Why Do They Not Simply Compare the Maps Publicly? A Question to Both Sides – Sunday, 7.3.2010
The Mirror, Vol. 14, No. 654
Apologies for the delay – there was no Internet connection available the day before. – Norbert Klein
After France had established its colonial presence in a region which was then known as “Indochina” – Cambodia, Laos, and Vietnam – the governments of France and of Siam – since 1932 called Thailand – started to exchange opinions about how to clearly defining a borderline between the territories under French and under Thai control, where no borderline had been defined before. For a certain region, without much population and remote from all political centers, they agreed that the border should follow the watershed. But as the French military had more modern equipment for land measuring and mapping, it was agreed that the French would do the surveying and then report to the government of Siam. The French side produced their draft maps and reports in 1904 and 1907, but in one region – in the area of the Preah Vihear temple ruins – their borderline did not follow the watershed line, which ultimately lead to the present conflicts. Looking back at the technical and logistical facilities of that time, it is not so surprising that different interpretations emerged which could not easily be clarified on the spot.
But nowadays, it is surprising that there are doubts where a certain spot on the ground is, represented on a map. There may be, of course, disagreement to which country that spot belongs, but not where it is in terms of its geographical coordinates.
It is really surprising to observe that a conflict exist nowadays at the border between Cambodia and Vietnam, and that it leads to continuing escalation. This comment is not debating the legality or illegality of removing a border post. Only the conflictive interpretations of the location of this border post are raised here.
Many high end mobile telephones sold in Cambodia have a GPS facility – a Global Positioning System – which, in a couple of seconds, can display the geographical coordinates – the longitude and latitude data – where the user of this phone stands. But recent reports made conflicting claims related to the removed border post: whether it was on the borderline between Cambodia and Vietnam, or whether it was inside of Cambodian territory, and which maps are correct or not.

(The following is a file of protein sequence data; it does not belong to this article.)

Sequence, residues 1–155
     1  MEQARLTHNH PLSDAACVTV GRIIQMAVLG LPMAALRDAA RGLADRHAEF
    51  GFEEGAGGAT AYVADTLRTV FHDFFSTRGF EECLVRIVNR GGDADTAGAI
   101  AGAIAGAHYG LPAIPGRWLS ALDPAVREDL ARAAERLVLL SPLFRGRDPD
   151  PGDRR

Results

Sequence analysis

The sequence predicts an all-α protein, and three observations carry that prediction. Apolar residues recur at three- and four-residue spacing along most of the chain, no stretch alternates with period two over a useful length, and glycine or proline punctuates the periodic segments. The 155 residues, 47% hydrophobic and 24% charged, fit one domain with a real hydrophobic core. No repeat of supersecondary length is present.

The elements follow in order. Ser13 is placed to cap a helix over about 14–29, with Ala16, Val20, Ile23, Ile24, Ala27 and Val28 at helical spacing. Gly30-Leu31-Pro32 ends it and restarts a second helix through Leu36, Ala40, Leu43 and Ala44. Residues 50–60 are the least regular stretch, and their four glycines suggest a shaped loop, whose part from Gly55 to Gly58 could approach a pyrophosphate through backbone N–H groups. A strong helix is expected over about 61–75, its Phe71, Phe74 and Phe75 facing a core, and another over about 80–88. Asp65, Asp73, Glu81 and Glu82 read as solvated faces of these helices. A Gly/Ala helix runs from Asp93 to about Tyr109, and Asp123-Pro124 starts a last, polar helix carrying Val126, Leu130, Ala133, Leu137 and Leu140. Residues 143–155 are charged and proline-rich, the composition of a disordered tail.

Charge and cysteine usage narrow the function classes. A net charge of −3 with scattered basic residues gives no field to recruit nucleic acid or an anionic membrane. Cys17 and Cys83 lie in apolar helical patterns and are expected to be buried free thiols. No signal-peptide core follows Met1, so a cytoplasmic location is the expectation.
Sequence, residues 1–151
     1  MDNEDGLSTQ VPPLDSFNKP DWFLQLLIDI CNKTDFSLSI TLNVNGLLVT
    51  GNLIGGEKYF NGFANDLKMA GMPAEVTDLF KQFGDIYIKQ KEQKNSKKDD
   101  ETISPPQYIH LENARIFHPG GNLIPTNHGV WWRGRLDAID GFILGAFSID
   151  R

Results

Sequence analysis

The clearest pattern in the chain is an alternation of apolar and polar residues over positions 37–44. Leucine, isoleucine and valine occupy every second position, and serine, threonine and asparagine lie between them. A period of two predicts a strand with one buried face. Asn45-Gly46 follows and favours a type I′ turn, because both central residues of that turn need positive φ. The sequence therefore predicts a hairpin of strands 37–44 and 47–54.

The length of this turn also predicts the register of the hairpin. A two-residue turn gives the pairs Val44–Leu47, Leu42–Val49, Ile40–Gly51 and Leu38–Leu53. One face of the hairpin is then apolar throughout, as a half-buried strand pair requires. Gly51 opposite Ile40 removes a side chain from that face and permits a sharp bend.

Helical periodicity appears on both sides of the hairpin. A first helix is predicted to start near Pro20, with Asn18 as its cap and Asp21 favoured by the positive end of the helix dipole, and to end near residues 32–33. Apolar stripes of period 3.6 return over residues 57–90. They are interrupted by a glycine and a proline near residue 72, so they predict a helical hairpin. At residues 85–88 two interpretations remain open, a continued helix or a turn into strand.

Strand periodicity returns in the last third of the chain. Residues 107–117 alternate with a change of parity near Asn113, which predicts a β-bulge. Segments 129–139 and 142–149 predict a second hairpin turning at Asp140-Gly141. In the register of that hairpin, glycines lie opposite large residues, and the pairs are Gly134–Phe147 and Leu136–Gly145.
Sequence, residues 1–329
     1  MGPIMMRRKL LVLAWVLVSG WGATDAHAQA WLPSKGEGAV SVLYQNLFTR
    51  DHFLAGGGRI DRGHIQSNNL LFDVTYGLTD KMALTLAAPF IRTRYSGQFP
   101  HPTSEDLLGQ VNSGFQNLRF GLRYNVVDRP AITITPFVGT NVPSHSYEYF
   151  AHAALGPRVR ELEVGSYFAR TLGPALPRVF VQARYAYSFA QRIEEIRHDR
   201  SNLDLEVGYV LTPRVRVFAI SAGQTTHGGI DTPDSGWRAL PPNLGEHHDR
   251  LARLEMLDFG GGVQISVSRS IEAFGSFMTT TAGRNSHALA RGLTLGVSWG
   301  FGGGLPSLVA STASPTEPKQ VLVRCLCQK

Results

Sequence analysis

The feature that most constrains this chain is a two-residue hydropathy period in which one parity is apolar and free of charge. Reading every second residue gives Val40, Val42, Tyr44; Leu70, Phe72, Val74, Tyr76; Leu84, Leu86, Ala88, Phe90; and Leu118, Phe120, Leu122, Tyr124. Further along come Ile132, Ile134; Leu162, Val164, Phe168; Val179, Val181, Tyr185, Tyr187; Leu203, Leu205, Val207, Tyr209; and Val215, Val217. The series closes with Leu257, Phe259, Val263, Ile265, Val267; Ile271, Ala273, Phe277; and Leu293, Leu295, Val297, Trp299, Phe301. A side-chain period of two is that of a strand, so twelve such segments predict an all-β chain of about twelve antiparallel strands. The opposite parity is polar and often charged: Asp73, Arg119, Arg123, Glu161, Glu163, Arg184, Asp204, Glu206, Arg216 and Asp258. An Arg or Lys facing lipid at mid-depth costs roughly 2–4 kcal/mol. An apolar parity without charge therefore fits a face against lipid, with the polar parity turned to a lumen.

The Mirror had carried reports about these conflicting claims:
- [Sam Rainsy Party] Parliamentarians Asked the Government to Explain the Position for the Setting of Four Temporary Border Markers [at the Cambodian-Vietnamese border – Mr. Sam Rainsy had published data, based on satellite based GPS verification, showing that the border markers are set inside of Cambodian territory — but the geographical coordinates were not in the press]
- A Government Official Announced to Sue Mr. Sam Rainsy; [the head of the Cambodian Border Committee] Mr. Var Kimhong: Maps Accusing the Government [over the setting of border markers with Vietnam, used by Mr. Sam Rainsy] Are Fake
- Samdech Dekchor Hun Sun Called Mr. Sam Rainsy a Traitor [for creating trouble at the Eastern border with Vietnam, while Cambodia is having border issues at the Western border with Thailand]
- Sam Rainsy Responded to Hun Sen, Saying the Cambodian Leader Himself Fakes Maps and Does Not Even Know Where the Country’s Border Is
- Observers said that both Mr. Sam Rainsy and Prime Minister Hun Sen had shown an intention to review maps
- [The opposition party president] Sam Rainsy: My Map and the Government’s Map Must Be Compared to See Which One Is Recognized Internationally
Yes: both maps have to be compared, and the geographical coordinates of the original location of the removed border posts has to be taken by any GPS capable mobile phone and entered into the different maps.
Though we tried to observe the Khmer press carefully, we have not seen any newspaper which published both maps side by side, with the location of the border posts entered. If there had been such a publication, we missed it and would appreciate to be notified.
To collect the different data should be easy, and it would immediately clarify the situation and the conflicting positions objectively. It is extremely surprising that such comparison of data has not been made public, but instead accusations and counter accusations were made, even involving the courts.
One can only hope that both maps and the geographical coordinates, which any owner of a GPS capable phone can take by visiting the site, will be published and the the courts – and the public – can quickly see the related data.
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